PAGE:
14 July 2010
Four years ago, Project 2010 was launched with the aim of providing a free flow of information relating to the preparations for the 2010 World Cup. In our mission statement, we declared our confidence that South Africa would host the greatest World Cup in history.
Since then, this country has experienced extraordinary highs and lows, including a political and constitutional crisis which led to the recalling of the country’s president, the outbreak of xenophobia and electricity shortages which threatened to cripple the country’s power grid.
On the plus side, the country was able to ride the global economic meltdown, thanks largely to a number of multi-billion rand World Cup-related construction projects.
Throughout this period, the world watched nervously as the various World Cup deadlines loomed. Just two years ago, Fifa President Sepp Blatter sparked a storm of controversy by conceding that there was a “Plan B” in the event that South Africa was unable to host the mega sporting event.
But, once again, we produced the goods and confounded our critics. And hundreds of millions of people spent 32 days watching in awe as South Africa took its rightful place at the centre of the universe and, in turn, embraced the entire planet.
The reality is that the country, which was once the pariah of the international community, has now made the world a better place.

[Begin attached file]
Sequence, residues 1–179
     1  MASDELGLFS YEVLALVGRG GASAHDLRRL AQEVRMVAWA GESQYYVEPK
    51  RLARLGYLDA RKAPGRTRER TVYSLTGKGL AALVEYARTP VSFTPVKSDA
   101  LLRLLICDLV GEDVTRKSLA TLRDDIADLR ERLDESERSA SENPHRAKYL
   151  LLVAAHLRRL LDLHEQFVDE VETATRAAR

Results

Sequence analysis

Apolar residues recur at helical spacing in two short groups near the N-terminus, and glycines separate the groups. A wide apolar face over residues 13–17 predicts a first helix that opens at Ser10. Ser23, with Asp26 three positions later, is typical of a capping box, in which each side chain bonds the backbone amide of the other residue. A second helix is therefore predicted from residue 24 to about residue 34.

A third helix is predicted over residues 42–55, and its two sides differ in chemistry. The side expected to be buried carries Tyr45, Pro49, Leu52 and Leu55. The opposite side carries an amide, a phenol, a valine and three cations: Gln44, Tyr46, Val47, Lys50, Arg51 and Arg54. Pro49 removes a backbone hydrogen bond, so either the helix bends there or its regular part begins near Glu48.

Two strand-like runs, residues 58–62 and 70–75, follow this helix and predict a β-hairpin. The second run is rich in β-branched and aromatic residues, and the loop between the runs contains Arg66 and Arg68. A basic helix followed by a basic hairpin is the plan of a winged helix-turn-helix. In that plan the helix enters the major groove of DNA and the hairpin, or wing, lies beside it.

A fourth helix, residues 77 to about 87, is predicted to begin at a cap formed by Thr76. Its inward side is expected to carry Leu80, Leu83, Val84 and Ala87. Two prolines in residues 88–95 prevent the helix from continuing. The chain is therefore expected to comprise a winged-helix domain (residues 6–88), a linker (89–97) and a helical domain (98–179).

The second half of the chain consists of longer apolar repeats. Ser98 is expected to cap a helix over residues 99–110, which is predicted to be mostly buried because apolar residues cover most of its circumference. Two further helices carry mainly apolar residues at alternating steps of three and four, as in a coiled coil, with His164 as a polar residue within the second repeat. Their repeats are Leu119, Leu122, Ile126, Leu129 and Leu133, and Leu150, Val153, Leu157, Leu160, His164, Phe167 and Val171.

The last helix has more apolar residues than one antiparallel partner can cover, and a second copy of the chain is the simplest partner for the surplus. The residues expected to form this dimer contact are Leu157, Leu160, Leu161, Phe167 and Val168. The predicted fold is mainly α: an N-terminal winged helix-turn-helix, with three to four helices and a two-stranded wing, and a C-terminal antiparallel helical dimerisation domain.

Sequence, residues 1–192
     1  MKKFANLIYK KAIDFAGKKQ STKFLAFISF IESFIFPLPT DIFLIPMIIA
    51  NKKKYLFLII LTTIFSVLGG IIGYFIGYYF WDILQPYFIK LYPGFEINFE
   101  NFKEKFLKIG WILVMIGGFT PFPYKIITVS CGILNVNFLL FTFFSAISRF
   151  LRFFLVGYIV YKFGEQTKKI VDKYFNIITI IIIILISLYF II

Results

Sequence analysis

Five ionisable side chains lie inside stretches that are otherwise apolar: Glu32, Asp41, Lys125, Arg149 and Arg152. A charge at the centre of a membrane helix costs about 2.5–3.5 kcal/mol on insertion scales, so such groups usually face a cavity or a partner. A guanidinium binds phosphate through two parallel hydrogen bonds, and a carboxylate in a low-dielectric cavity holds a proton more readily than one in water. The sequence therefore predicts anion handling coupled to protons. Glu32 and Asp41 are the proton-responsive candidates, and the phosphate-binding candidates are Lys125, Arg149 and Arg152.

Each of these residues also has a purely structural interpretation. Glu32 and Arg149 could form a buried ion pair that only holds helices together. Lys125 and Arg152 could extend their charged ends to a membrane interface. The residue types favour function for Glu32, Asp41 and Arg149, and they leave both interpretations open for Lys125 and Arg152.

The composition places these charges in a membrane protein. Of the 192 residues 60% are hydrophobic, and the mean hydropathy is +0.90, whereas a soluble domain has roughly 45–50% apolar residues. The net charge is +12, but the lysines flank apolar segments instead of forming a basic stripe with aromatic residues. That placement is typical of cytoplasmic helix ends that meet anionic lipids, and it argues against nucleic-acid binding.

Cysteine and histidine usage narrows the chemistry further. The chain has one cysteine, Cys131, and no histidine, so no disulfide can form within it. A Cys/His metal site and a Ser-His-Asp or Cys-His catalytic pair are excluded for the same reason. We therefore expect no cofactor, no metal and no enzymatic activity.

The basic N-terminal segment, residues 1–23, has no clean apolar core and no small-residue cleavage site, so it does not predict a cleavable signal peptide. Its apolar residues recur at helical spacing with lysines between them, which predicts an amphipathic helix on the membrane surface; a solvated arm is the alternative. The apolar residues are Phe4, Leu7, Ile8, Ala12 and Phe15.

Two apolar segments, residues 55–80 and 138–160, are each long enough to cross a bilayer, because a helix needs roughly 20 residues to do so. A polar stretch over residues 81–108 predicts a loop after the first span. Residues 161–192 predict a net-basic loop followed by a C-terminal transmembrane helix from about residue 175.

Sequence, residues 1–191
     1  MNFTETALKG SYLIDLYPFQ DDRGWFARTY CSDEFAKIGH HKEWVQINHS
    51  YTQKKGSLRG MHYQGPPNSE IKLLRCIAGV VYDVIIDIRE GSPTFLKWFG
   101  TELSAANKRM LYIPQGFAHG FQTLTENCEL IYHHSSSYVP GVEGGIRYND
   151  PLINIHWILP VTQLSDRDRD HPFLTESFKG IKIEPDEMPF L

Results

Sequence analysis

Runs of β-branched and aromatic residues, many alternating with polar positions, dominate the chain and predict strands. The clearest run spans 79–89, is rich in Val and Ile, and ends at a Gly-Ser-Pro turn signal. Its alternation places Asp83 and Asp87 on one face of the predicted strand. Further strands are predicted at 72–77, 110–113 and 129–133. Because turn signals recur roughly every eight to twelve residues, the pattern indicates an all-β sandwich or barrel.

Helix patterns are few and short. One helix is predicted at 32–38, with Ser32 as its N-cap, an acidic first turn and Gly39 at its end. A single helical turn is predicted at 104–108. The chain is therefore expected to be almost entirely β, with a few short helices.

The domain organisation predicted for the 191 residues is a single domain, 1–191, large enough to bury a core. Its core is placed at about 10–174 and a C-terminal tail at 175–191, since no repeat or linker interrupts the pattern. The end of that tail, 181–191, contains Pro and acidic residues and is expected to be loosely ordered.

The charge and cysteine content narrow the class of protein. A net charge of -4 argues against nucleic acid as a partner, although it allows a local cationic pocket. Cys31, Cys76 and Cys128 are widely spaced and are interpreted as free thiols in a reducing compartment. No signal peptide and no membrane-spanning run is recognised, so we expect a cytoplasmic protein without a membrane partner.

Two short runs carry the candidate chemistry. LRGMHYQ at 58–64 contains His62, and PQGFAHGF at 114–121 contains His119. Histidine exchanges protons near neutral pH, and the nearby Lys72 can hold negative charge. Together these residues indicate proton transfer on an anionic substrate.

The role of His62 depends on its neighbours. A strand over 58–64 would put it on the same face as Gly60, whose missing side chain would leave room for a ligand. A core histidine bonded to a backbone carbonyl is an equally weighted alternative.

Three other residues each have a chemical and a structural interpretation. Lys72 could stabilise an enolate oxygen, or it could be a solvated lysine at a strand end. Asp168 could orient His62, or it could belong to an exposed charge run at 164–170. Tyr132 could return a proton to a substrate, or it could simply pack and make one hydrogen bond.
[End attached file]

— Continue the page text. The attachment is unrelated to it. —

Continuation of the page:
The critics who spent four years running us into the ground have been drowned out by the roar of approval from the international media and the near-record number of fans who watched the 64 matches (South Africa became only the third host nation to exceed three-million spectators since 1930).
John Carlin, author of Playing the Enemy, says all those stories, promoted by Fifa, among others, about the World Cup being the 1995 rugby World Cup all over again, about healing racial wounds, uniting the fractured nation and so forth, were off the mark.
“It was much, much better than that,” he says. “What we saw was just how united and racially healed South Africa really is, how far we’ve advanced since the nervy nineties.”
Blatter this week said South Africa had scored a nine out of 10 for its hosting of the event, “making it a doctorate summa cum laude“.
Blatter said he had feared the high crime rate and poor public transport would jeopardise the tournament, but it went off without any major problems.
“A big compliment to South Africa, a big compliment to the people of South Africa, a big compliment to the government of South Africa for all the guarantees they have given and met,” said Blatter. “They can be proud.”
So there we have it. South Africa (yet again) has produced the goods. Take a bow!
Urquhart is a former Fifa World Cup media officer and the editor of Project 2010. This is his final column.